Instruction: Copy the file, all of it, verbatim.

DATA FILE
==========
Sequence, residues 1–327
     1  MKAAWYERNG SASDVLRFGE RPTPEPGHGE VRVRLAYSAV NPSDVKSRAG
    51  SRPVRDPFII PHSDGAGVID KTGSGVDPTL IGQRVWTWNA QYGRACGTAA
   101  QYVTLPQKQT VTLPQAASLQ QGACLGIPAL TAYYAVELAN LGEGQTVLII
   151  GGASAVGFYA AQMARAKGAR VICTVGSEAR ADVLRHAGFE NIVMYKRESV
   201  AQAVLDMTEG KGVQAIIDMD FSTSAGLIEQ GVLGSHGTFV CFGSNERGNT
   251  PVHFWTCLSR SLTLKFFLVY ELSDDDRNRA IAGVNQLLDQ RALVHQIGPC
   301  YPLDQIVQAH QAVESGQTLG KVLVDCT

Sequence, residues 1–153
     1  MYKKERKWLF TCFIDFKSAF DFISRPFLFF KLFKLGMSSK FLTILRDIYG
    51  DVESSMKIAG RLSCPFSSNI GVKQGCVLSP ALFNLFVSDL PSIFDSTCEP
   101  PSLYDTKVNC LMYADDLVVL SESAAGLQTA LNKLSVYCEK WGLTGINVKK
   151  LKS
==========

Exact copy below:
Sequence, residues 1–327
     1  MKAAWYERNG SASDVLRFGE RPTPEPGHGE VRVRLAYSAV NPSDVKSRAG
    51  SRPVRDPFII PHSDGAGVID KTGSGVDPTL IGQRVWTWNA QYGRACGTAA
   101  QYVTLPQKQT VTLPQAASLQ QGACLGIPAL TAYYAVELAN LGEGQTVLII
   151  GGASAVGFYA AQMARAKGAR VICTVGSEAR ADVLRHAGFE NIVMYKRESV
   201  AQAVLDMTEG KGVQAIIDMD FSTSAGLIEQ GVLGSHGTFV CFGSNERGNT
   251  PVHFWTCLSR SLTLKFFLVY ELSDDDRNRA IAGVNQLLDQ RALVHQIGPC
   301  YPLDQIVQAH QAVESGQTLG KVLVDCT

Sequence, residues 1–153
     1  MYKKERKWLF TCFIDFKSAF DFISRPFLFF KLFKLGMSSK FLTILRDIYG
    51  DVESSMKIAG RLSCPFSSNI GVKQGCVLSP ALFNLFVSDL PSIFDSTCEP
   101  PSLYDTKVNC LMYADDLVVL SESAAGLQTA LNKLSVYCEK WGLTGINVKK
   151  LKS